The youngest of the group, Marie, said they needed to have more direct lines of communication. On the job less than six months, she shared with me that she already was afraid to go directly to two of her colleagues as she found them intimidating. Instead, she’d go to the remaining member of the team who usually couldn’t help her, but who lent a sympathetic ear!

 

“Nice” people don’t want to hurt other people’s feelings and don’t want to get others into trouble.  And so, I’m often asked, “What should I do when it really is easier to just say nothing?”  

 

And, in turn, I always ask, “Is it really easier to just say nothing?”

 

Matt came to me wanting to learn how to be assertive. Although embarrassed, he told me the story that drove him to me. . .

 

For eight years he never told his roommate that he wanted the guy to make space for him in their shared freezer. For eight years he stewed – and never said anything. Then, one day, he snapped and emptied half the roommate’s freezer items into the sink. That’s how the roommate found out Matt was annoyed that the guy hogged the freezer!

 

Remember – Matt told me the reason why he had not said anything to his roommate is because he didn’t want to hurt the guy’s feelings.

 

Again, I say, Wow! We can all be so odd!

 

Hey, this is a blog post and not a book on how to have a crucial conversation (thankfully, that book has been written by others and I highly recommend it!)

 

For now, though, consider this:

Before focusing on the risks of having a conversation that you worry will go “wrong,”

focus on considering what the risks are of NOT having that conversation.

 

Louis encroached on customers’ space and drove them away. Because it was no biggie for me, I didn’t feel a need to confront him. For other customers, it was an issue.

 

Rather than not saying anything to the owner, here’s what an unhappy customer could have said:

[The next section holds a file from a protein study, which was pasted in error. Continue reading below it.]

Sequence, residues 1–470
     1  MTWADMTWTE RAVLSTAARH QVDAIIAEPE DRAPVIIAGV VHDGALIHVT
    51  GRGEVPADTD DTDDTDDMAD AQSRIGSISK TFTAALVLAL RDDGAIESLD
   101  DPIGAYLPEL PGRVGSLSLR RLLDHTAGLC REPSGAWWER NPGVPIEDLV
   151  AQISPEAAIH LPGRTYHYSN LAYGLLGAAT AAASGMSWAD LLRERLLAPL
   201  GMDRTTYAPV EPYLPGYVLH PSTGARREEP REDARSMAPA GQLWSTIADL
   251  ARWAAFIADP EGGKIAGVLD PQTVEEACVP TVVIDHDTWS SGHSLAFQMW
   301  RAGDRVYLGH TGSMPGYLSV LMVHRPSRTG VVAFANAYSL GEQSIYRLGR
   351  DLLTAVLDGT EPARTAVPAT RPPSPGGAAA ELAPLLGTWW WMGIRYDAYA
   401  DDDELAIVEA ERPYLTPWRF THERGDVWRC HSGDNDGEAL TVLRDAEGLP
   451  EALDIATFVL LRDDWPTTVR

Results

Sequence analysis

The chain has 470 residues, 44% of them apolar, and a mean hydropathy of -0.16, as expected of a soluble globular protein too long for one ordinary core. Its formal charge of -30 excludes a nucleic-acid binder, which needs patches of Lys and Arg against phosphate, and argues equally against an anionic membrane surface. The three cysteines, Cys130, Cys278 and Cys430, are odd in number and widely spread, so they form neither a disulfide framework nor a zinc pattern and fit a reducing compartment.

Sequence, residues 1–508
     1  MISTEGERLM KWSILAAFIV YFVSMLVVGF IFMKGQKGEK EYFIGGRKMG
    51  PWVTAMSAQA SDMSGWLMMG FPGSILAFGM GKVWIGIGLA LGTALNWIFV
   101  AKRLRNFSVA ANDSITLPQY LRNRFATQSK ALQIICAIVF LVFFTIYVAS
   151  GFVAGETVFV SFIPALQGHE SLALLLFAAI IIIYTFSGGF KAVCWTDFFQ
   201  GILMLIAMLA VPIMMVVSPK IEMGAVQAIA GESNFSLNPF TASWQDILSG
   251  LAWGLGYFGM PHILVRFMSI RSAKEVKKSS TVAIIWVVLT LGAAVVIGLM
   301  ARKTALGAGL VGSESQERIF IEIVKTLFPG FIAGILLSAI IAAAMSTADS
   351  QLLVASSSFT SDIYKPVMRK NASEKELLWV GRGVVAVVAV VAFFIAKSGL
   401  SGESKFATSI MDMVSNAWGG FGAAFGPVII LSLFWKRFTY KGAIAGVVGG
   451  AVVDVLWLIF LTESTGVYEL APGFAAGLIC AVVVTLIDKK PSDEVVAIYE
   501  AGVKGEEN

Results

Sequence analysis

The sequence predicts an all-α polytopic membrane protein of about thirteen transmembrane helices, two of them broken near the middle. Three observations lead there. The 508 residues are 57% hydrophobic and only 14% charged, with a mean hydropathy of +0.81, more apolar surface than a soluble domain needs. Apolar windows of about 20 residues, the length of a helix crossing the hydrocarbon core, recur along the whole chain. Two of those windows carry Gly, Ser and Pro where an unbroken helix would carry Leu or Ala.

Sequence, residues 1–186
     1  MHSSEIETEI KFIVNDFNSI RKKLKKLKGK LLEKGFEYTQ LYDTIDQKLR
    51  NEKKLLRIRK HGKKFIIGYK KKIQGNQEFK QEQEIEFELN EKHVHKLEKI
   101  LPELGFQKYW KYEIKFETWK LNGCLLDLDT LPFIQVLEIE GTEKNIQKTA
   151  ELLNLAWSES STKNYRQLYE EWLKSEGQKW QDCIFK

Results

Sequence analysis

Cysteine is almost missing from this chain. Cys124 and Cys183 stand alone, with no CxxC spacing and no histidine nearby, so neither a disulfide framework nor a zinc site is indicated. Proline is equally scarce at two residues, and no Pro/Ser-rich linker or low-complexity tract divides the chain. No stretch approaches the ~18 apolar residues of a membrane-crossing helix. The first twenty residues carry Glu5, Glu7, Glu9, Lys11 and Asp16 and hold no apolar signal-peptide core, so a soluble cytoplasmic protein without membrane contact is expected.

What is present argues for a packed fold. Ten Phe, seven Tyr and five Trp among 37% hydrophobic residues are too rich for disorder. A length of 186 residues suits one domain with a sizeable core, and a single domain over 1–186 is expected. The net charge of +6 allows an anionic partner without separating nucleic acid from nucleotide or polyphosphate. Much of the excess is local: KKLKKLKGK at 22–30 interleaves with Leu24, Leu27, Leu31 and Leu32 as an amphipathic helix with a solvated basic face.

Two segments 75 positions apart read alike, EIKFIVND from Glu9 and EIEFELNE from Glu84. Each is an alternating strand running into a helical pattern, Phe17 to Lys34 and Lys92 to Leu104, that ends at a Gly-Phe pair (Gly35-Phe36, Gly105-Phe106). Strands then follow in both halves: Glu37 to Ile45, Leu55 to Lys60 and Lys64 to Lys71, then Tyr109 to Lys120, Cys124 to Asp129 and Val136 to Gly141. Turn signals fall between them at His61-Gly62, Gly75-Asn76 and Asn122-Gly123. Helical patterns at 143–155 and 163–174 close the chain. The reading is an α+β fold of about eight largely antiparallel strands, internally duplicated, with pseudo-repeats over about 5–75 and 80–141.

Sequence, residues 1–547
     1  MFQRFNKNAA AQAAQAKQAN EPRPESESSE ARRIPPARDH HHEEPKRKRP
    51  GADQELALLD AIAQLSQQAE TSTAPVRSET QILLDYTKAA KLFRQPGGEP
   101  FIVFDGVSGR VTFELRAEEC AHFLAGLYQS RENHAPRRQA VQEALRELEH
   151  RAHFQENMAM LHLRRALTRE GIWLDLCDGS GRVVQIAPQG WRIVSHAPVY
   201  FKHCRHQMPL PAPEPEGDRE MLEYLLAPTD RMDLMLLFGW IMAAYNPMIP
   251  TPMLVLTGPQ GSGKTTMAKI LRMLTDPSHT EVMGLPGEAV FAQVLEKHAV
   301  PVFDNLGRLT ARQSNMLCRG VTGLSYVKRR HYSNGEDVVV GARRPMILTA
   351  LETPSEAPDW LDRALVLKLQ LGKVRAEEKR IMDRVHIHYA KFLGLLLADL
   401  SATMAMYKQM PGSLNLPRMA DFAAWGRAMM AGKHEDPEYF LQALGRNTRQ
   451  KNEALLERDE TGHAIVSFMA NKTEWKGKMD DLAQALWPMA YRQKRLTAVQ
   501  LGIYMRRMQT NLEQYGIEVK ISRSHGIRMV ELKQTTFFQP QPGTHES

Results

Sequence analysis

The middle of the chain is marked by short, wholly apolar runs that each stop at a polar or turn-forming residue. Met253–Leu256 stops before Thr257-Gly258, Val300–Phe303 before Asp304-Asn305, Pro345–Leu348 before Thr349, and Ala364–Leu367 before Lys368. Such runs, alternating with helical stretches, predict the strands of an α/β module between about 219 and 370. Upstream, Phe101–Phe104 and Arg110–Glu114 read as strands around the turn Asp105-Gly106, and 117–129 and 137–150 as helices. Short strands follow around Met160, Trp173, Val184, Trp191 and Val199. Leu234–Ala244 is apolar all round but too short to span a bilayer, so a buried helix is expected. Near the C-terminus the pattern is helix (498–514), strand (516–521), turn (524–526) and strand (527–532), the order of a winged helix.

Your manager is a nice guy and tries to give good service. The only problem is he doesn’t seem to have a sense of boundaries and we find it annoying when he leans over and talks while we’re trying to eat or have our own conversation. I don’t know if this is just my issue or if others have said something. I hope you could have a chat with him.”

 

That is what being assertive looks and sounds and feels like.

You’re not complaining or being rude. You’re simply letting the other person know how you feel, why you feel that way and what you’d like from them.

 

Being assertive is grounded in your attitude – towards yourself, the other and the relationship.    

 

None of this is simple since most of us weren’t instructed as children in how to non-manipulatively express our needs.

 

So, yes, it can be awkward.

 

That’s okay – for what’s the alternative?

Give up a favorite meal?

Drown your frustrations at Happy Hour?

Stare longingly at your freezer?

Why complicate your pandemic life? Trust yourself. Trust the other.

 

Do you want to become comfortable speaking assertively so as

to develop and nurture successful professional relationships?

To explore how business skills coaching can help you present you with enhanced confidence,

please contact me

  [email protected]

818-415-8115